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6.17: Periodic Trends - Ionization Energy

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    372933
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    Sheep herds are like protons and electrons
    Figure \(\PageIndex{1}\) (Credit: Paul Englefield; Source: http://commons.wikimedia.org/wiki/File:Sheep_herd.jpg; License: CC BY 2.0)

    Why do sheep travel in herds?

    Like many other animals, sheep travel in herds. The tendency is for each individual sheep to stay with the herd. However, a sheep may sometimes wander off, depending on how strong the attraction is for a particular food or water supply. At other times, a sheep may become frightened and run off. Whether a sheep chooses to stay with the herd or go its own way depends on the balance between attraction to the herd and attraction to the outside influence.

    There is an on-going tension between the electrons and protons in an atom. Reactivity of the atom depends in part on how easily the electrons can be removed from the atom. We can measure this quantity and use it to make predictions about the behaviors of atoms.

    Ionization Energy

    Ionization energy is the energy required to remove an electron from a specific atom. It is measured in kJ/mol, which is an energy unit, much like calories. The ionization energies associated with some elements are described in table below. For any given atom, the outermost valence electrons will have lower ionization energies than the inner-shell kernel electrons. As more electrons are added around a nucleus, the outer electrons become shielded from the nucleus by the inner shell electrons. This is called electron shielding.

    Table \(PageIndex{1}\): Ionization Energies (kJ/mol) of the First 18 Elements

    Element

    IE1

    IE2

    IE3

    IE4

    IE5

    IE6

    H

    1312

     

     

         

    He

    2373

    5251

     

     

     

     

    Li

    520

    7300

    11,815

     

     

     

    Be

    899

    1757

    14,850

    21,005

     

     

    B

    801

    2430

    3660

    25,000

    32,820

     

    C

    1086

    2350

    4620

    6220

    38,000

    47,261

    N

    1400

    2860

    4580

    7500

    9400

    53,000

    O

    1314

    3390

    5300

    7470

    11,000

    13,000

    If we plot the first ionization energies vs. atomic number for the main group elements, we would have the following trend

    Graph of ionization energy versus atomic number
    Figure \(\PageIndex{2}\): Ionization energy and atomic number. (Credit: User:RJHall/Wikimedia Commons; Source: http://commons.wikimedia.org/wiki/File:Ionization_energies.svg; License: Public Domain)

    Moving from left to right across the periodic table, the ionization energy for an atom increases. We can explain this by considering the nuclear charge of the atom. The more protons in the nucleus, the stronger the attraction of the nucleus to electrons. This stronger attraction makes it more difficult to remove electrons.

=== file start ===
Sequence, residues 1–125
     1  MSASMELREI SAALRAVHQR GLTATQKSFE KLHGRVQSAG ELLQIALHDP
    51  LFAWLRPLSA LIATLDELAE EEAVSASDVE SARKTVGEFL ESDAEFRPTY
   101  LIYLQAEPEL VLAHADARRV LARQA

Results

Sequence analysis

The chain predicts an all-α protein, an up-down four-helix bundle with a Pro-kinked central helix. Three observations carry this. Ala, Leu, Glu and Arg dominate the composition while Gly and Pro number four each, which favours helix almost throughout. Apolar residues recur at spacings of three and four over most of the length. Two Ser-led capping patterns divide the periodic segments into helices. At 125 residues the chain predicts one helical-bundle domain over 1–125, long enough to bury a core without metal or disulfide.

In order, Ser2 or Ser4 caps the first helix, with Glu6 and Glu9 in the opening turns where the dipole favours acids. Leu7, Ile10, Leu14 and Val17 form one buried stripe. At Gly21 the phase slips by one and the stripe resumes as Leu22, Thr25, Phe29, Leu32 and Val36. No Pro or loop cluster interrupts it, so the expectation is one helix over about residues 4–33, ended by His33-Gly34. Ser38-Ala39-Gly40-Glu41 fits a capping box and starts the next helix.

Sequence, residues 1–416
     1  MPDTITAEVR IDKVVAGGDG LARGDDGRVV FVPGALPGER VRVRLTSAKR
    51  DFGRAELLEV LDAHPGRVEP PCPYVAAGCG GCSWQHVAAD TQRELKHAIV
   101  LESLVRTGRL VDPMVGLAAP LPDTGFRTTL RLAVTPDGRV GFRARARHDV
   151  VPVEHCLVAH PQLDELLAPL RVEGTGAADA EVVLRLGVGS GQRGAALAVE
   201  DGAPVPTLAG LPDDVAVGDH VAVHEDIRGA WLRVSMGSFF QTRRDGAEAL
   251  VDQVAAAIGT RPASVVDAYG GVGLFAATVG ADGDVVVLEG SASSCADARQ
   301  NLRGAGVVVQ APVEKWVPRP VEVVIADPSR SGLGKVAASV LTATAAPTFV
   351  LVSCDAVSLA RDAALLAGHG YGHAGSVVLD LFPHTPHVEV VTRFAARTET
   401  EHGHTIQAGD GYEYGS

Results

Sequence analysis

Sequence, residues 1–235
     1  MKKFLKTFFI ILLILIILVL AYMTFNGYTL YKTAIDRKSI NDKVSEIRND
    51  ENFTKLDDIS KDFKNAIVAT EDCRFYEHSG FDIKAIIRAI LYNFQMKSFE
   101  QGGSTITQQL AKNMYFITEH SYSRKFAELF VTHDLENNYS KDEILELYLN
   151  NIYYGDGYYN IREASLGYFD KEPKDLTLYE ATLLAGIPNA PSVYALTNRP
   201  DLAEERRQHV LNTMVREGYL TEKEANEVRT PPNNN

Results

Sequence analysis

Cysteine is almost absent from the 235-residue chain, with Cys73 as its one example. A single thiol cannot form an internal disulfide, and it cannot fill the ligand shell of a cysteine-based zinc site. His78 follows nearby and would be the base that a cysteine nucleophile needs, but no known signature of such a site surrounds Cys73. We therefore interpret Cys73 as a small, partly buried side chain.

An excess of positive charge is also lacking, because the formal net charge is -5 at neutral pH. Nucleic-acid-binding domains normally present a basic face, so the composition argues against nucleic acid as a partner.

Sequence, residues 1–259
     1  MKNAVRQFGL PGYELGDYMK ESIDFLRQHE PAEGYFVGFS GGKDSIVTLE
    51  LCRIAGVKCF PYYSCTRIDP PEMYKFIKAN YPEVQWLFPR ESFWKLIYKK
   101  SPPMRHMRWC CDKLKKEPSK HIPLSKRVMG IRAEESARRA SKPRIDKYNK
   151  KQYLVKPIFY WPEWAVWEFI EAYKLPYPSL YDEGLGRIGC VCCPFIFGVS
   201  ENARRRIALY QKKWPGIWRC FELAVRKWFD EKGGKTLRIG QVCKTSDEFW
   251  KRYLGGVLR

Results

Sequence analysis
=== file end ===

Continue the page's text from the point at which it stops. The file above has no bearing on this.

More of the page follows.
Within a group, the ionization energy decreases as the size of the atom gets larger. On the graph, we see that the ionization energy increases as we go up the group to smaller atoms. In this situation, the first electron removed is farther from the nucleus as the atomic number (number of protons) increases.  Being farther away from the positive attraction makes it easier for that electron to be pulled off.

    Trends of ionization energy, electron affinity, and metallic character
    Figure \(\PageIndex{3}\) (Credit: User:Mirek2/Wikimedia Commons; Source: http://commons.wikimedia.org/wiki/File:Periodic_trends.svg; License: Public Domain)

    Summary

    • Ionization energy refers to the amount of energy needed to remove an electron from an atom.
    • Ionization energy decreases as we go down a group.
    • Ionization energy increases from left to right across the periodic table.

    Review

    1. Define “ionization energy.”
    2. Do valence electrons have larger or smaller ionization energies that the inner-shell kernel electrons?
    3. What is electron shielding?
    4. Describe the trends in ionization energy from left to right across the periodic table.
    5. Describe the trends in ionization energy from top to bottom of a group in the periodic table.
    6. Why is the second ionization energy for lithium so much larger than the first ionization energy?

    6.17: Periodic Trends - Ionization Energy is shared under a CK-12 license and was authored, remixed, and/or curated by CK-12 Foundation via source content that was edited to conform to the style and standards of the LibreTexts platform; a detailed edit history is available upon request.

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